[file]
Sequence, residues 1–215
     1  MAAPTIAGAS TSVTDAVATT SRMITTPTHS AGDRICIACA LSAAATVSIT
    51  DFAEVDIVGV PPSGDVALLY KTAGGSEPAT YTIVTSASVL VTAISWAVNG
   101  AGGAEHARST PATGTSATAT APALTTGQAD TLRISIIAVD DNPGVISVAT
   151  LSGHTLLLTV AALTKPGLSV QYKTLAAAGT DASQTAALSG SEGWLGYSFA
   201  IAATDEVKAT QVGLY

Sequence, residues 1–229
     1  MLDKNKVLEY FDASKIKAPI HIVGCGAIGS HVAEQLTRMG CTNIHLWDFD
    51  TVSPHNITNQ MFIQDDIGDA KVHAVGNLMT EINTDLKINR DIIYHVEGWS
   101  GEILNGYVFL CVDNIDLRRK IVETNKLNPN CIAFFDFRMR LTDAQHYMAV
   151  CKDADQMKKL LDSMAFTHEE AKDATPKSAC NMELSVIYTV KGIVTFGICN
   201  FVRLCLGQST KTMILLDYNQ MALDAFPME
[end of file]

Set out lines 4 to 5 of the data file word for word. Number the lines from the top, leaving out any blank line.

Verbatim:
   101  AGGAEHARST PATGTSATAT APALTTGQAD TLRISIIAVD DNPGVISVAT
   151  LSGHTLLLTV AALTKPGLSV QYKTLAAAGT DASQTAALSG SEGWLGYSFA